Originally Posted by RedJellyBean
Gorgeous car, quality thread, great information, thank you.
My system is a crappy Alpine driving two Polk MMC6500s in the doors, two 6.5 do-nothing woofers in the rear, and a home audio powered sub in the front passenger footwell, driven from a 300w inverter. I know, I'm crazy, but... lol, it's enough to keep me from going truly crazy while I deal with crappy traffic in 1.5hrs commuting every weekday.
Yes, that's a little crazy, considering you're converting DC to AC and back to DC to create an AC waveform....
You deserve MUCH better, esp with a commute like that. A self-powered sub would be WAY better and installation is simple. This one from Kicker
has a 10" driver and an integrated 90-watt amp. I prefer a wedge shape over the tube-style enclosures because it's stable on its own and requires relatively little space. Until I complete my custom sub enclosure, I'm running the Kicker 10" ported wedge box and it's pretty decent.
Despite the lofty marketing-driven power claims of most manufacturers (like 50W), typical head-unit power output is honestly about 15 watts per channel RMS. Taking it further requires a 4-channel external amplifier. This gives you the flexibility to run it bridged in a 2-channel configuration to power a coaxial set or component set using passive crossovers, run it in a 3-channel bridged configuration to power door speakers plus a sub, or better yet... run an active setup with one speaker per channel (requiring a pre-amp crossover). A 2-channel amp severely limits your choices unless it's dedicated for subwoofer duty.
I'm extremely happy with Arc Audio's mini series. The ArcAudio KS125.4 mini
sounds great and powers my front stage (woofer/tweeter pairs) perfectly with one speaker per channel. It's small enough to go almost anywhere, including under the seats, and in my case, paired up with the 500.1 sub amp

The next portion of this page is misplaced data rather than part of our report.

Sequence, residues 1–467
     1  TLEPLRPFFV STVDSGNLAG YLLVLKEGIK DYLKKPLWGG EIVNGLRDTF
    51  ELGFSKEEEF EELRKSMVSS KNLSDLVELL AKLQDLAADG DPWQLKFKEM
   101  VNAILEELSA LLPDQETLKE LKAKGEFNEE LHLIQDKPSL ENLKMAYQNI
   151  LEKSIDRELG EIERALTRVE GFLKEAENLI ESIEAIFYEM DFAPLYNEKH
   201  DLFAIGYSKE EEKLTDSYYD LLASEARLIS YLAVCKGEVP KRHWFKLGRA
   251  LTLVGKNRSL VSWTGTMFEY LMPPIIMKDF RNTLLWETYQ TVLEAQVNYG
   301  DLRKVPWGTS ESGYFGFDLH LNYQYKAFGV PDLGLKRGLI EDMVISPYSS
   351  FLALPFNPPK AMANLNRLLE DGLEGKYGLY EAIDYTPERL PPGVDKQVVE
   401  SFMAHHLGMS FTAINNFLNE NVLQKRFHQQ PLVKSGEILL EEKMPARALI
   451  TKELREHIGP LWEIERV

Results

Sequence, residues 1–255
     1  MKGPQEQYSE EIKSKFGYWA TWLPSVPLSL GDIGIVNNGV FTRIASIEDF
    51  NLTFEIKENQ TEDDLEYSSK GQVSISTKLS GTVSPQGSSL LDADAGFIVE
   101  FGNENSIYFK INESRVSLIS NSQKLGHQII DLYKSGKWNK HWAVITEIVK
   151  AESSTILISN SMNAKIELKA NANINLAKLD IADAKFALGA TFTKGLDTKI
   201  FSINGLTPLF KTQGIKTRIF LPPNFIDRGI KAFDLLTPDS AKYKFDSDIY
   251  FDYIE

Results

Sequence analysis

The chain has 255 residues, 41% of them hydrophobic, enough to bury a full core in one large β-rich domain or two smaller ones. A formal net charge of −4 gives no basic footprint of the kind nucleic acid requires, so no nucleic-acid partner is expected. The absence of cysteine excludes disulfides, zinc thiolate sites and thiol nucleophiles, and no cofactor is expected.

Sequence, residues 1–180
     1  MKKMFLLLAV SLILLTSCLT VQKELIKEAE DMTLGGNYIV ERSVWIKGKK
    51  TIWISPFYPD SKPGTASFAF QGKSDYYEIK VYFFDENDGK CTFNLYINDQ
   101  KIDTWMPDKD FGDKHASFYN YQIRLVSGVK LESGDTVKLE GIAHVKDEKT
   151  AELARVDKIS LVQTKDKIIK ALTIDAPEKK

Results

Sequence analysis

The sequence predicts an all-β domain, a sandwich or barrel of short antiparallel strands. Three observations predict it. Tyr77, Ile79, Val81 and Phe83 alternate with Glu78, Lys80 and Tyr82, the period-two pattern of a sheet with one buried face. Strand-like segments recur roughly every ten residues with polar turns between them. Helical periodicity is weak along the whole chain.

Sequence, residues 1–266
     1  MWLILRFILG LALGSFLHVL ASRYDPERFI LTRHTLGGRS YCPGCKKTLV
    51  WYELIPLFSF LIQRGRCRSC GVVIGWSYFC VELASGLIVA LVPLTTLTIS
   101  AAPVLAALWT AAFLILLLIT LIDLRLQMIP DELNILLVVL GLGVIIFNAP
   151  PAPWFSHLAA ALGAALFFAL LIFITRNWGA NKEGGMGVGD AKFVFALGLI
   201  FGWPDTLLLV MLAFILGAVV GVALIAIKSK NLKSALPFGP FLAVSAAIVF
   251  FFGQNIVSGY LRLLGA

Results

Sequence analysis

in the shoebox area. They aren't cheap, but they don't sound like it either. I found mine in the DIYMA classifieds forum with a mix of good timing and patience.
Get rid of the rear speakers. Friends don't let friends have rear-fill. A good car system focuses on the front stage if sound quality is interesting. It might sound counter-intuitive to get better sound from fewer speakers, but trust me on this. A vehicle's interior is a complicated space that poses many challenges to get good sound from.
The Pioneer DEH-PRS80
is a solid foundation head unit and will get you onboard EQ/crossovers for an active front stage at a good price. To get better, you have to spend twice or more. I'm still sort of fighting the urge just to get this head unit for my setup, but I want that P99RS anyways.
The components I listed here add up to $930. Add a decent set of component door speakers for another $200 and now you have the basis for a relatively simple system that will blow away what the Insight came with and make your car something you actually enjoy listening to.